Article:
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Ch. 13: Vale of the Wylye

Warminster--Vale of the Wylye--Counting the villages--A lost
church--Character of the villages--Tytherington church--Story of the
dog--Lord Lovell--Monuments in churches--Manor-houses--Knook--The
cottages--Yellow stonecrop--Cottage gardens--Marigolds--Golden-rod--Wild
flowers of the water-side--Seeking for the characteristic expression


The prettily-named Wylye is a little river not above twenty miles in
length from its rise to Salisbury, where, after mixing with the Nadder
at Wilton, it joins the Avon. At or near its source stands Warminster, a
small, unimportant town with a nobler-sounding name than any other in
Wiltshire. Trowbridge, Devizes, Marlborough, Salisbury, do not stir the
mind in the same degree; and as for Chippenham, Melksham, Mere, Calne,
and Corsham, these all are of no more account than so many villages in
comparison. Yet Warminster has no associations--no place in our mental
geography; at all events one remembers nothing about it. Its name, which
after all may mean nothing more than the monastery on the Were--one of
the three streamlets which flow into the Wylye at its source--is its
only glory. It is not surprising that Caleb Bawcombe invariably speaks
of his migration to, and of the time he passed at Warminster, when, as a
fact, he was not there at all, but at Doveton, a little village on the
Wylye a few miles below the town with the great name.

It is a green valley--the greenness strikes one sharply on account of
the pale colour of the smooth, high downs on either side--half a mile to
a mile in width, its crystal current showing like a bright serpent for a
brief space in the green, flat meadows, then vanishing again among the
trees. So many are the great shade trees, beeches and ashes and elms,
that from some points the valley has the appearance of a continuous
wood--a contiguity of shade. And the wood hides the villages, at some
points so effectually that looking down from the hills you may not catch
a glimpse of one and imagine it to be a valley where no man dwells. As a
rule you do see something of human occupancy--the red or yellow roofs of
two or three cottages, a half-hidden grey church tower, or column of
blue smoke, but to see the villages you must go down and look closely,
and even so you will find it difficult to count them all. I have tried,
going up and down the valley several times, walking or cycling, and have
never succeeded in getting the same number on two occasions. There are
certainly more then twenty, without counting the hamlets, and the right
number is probably something between twenty-five and thirty, but I do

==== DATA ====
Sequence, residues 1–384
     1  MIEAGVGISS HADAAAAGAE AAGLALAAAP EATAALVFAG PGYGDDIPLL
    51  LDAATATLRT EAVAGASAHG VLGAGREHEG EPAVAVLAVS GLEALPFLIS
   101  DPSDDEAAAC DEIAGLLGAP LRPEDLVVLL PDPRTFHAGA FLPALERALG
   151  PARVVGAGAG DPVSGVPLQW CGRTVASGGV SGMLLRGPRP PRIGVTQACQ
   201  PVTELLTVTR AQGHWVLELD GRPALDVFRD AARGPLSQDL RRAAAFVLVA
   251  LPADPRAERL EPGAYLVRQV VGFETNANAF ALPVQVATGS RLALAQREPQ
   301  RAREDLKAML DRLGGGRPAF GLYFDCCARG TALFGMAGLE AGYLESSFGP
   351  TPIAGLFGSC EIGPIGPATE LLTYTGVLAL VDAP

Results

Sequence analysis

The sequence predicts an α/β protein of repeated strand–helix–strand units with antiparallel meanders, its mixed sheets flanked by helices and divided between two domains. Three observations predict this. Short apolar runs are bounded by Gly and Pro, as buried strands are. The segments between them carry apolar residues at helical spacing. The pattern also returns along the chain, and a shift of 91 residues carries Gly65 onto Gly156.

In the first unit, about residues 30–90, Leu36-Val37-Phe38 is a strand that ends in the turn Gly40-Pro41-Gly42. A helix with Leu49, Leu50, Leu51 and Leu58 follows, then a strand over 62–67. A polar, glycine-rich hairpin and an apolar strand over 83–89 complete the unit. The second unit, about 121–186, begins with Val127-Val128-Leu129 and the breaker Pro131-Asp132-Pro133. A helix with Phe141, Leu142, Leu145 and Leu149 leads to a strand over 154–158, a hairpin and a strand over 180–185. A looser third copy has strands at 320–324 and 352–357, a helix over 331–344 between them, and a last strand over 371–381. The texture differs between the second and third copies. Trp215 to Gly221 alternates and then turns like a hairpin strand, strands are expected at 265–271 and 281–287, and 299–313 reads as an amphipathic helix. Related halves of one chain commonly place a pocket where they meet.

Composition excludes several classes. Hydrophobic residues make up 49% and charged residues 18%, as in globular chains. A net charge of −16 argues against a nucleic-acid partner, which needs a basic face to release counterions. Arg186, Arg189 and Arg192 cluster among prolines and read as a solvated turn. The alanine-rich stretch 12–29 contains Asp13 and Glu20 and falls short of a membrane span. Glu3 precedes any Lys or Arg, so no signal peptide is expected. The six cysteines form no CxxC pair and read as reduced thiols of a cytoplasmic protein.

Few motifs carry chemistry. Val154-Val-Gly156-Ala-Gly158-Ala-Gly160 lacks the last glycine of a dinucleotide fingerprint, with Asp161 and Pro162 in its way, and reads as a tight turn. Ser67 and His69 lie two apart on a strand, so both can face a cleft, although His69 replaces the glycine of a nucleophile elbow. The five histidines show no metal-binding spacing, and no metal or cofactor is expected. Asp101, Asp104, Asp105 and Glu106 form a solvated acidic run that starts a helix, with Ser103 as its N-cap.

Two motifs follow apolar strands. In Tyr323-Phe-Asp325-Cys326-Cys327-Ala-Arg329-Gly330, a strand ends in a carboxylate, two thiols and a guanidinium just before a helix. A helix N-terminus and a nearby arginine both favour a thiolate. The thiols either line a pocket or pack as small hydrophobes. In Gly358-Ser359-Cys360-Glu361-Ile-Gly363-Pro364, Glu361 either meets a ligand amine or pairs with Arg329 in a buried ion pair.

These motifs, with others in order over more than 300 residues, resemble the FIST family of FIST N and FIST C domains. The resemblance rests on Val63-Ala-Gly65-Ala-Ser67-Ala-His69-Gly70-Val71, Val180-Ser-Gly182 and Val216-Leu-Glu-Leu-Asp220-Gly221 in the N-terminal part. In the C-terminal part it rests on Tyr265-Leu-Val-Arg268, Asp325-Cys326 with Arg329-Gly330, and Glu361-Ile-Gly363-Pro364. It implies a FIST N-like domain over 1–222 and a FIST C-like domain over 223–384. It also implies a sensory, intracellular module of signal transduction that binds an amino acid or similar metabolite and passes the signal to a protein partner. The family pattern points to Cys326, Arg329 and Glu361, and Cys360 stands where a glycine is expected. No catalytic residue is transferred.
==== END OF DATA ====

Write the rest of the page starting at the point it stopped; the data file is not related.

not want to find out by studying books and maps. I prefer to let the
matter remain unsettled so as to have the pleasure of counting or trying
to count them again at some future time. But I doubt that I shall ever
succeed. On one occasion I caught sight of a quaint, pretty little
church standing by itself in the middle of a green meadow, where it
looked very solitary with no houses in sight and not even a cow grazing
near it. The river was between me and the church, so I went up-stream, a
mile and a half, to cross by the bridge, then doubled back to look for
the church, and couldn't find it! Yet it was no illusory church; I have
seen it again on two occasions, but again from the other side of the
river, and I must certainly go back some day in search of that lost
church, where there may be effigies, brasses, sad, eloquent
inscriptions, and other memorials of ancient tragedies and great
families now extinct in the land.

This is perhaps one of the principal charms of the Wylye--the sense of
beautiful human things hidden from sight among the masses of foliage.
Yet another lies in the character of the villages. Twenty-five or
twenty-eight of them in a space of twenty miles; yet the impression,
left on the mind is that these small centres of population are really
few and far between. For not only are they small, but of the old, quiet,
now almost obsolete type of village, so unobtrusive as to affect the
mind soothingly, like the sight of trees and flowery banks and grazing
cattle. The churches, too, as is fit, are mostly small and ancient and
beautiful, half-hidden in their tree-shaded churchyards, rich in
associations which go back to a time when history fades into myth and
legend. Not all, however, are of this description; a few are naked,
dreary little buildings, and of these I will mention one which, albeit
ancient, has no monuments and no burial-ground. This is the church of
Tytherington, a small, rustic village, which has for neighbours Codford
St. Peter one one side and Sutton Veny and Norton Bavant on the other.
To get into this church, where there was nothing but naked walls to look
at, I had to procure the key from the clerk, a nearly blind old man of
eighty. He told me that he was shoemaker but could no longer see to make
or mend shoes; that as a boy he was a weak, sickly creature, and his
father, a farm bailiff, made him learn shoemaking because he was unfit
to work out of doors. "I remember this church," he said, "when there was